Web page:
This is something that renowned sales advisor and bestselling author Ian Altman also hints at, writing, “The major mistake [that kills sales scripts] is that the salesperson is reading the script, but not paying attention to the answers.”
Frameworks are effective because the relationships they foster are built on genuine, naturally developed trust. According to a new survey from HubSpot Research, just 3 percent of respondents consider salespeople trustworthy. The lack of trust is often due to a lack of authenticity on the part of the salesperson, and that often appears to be the case when they are reading from a script.
A rep can spend 30 minutes detailing the benefits of a product, but if the prospect isn’t made to feel like her specific problems can be solved by using that product, the sale has no chance of happening. Word-for-word scripts don’t leave any room for personalising a solution to solve a prospect’s problems. They stand in the way of a genuine emotional connection.
Simple frameworks fare so much better than detailed scripts because they create an environment where both the salesperson and the prospect are comfortable. It empowers the sales rep to have a normal, natural conversation. They can pick up on character traits, adapt their pitch to meet the prospect’s specific needs, and provide credible answers on how the company can help solve their problems.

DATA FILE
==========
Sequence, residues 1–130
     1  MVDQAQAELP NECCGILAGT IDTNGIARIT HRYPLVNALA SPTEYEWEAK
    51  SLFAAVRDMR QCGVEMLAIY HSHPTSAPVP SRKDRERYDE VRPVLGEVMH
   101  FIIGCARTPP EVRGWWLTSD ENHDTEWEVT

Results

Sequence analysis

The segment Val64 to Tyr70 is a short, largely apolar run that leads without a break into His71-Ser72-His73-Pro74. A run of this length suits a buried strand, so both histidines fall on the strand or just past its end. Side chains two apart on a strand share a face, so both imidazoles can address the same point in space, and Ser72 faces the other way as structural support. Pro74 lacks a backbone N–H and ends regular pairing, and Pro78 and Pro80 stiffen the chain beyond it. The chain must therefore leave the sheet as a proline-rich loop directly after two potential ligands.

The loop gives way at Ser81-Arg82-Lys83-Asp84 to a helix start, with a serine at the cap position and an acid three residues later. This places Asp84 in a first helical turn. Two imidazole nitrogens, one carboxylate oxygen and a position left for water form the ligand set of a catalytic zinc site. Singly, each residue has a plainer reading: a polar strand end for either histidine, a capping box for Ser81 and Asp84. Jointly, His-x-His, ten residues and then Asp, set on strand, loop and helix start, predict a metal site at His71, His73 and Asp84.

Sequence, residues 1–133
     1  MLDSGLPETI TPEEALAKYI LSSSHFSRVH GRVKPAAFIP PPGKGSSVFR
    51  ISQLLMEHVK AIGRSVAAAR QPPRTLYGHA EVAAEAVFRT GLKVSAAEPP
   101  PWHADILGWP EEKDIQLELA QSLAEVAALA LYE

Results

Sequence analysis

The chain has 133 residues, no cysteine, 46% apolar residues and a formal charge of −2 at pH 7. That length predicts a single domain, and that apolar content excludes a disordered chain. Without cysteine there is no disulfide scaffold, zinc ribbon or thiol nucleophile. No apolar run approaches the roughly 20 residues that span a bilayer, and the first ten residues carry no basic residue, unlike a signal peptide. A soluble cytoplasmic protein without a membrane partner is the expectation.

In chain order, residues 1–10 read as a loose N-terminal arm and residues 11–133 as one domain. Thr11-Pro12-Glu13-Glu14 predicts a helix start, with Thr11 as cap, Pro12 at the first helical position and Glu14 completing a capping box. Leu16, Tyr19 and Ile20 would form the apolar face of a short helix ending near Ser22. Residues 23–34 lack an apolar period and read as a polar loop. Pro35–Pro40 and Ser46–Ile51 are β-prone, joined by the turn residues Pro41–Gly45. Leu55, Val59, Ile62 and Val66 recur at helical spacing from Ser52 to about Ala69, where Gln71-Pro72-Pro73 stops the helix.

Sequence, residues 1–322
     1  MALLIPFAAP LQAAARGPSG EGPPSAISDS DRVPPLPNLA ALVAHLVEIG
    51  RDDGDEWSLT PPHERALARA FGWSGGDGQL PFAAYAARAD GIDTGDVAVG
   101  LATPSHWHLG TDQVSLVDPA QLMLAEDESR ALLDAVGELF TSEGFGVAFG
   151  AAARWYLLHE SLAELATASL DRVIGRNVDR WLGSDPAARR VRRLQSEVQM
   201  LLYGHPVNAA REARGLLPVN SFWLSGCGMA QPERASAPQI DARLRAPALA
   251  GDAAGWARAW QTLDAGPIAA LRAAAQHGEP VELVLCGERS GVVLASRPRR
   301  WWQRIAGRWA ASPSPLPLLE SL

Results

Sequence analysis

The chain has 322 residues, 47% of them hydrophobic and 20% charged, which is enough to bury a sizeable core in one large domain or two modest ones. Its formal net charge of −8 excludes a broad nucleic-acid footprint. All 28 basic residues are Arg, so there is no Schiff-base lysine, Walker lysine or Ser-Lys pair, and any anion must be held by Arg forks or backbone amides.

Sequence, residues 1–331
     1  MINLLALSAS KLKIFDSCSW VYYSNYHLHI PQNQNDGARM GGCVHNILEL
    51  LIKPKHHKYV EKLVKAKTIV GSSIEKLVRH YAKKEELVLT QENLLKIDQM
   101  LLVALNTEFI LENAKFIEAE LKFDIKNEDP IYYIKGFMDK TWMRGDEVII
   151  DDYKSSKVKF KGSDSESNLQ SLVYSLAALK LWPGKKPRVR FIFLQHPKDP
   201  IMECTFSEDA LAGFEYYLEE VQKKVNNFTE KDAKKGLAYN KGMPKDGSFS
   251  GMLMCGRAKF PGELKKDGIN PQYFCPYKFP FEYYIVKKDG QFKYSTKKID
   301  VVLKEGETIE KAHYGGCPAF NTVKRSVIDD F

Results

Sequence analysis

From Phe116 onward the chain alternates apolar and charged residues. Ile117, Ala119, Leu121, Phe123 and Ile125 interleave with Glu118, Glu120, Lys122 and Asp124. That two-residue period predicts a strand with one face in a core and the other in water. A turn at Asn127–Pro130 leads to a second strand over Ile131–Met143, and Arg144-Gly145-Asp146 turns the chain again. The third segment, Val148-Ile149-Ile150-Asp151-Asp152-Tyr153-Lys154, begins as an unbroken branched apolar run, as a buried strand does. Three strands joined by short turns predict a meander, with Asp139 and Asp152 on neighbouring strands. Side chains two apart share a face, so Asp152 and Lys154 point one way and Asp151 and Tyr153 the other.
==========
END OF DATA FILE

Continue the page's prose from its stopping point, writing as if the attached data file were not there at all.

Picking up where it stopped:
Not unlike the way they’re used in the world of coding and developing, frameworks allow sales reps get creative, try out different approaches, and hone their sales technique. As a result, they provide the playing field for sales reps to learn, practice, and ultimately excel at the art of closing a deal.
A practical framework for businesses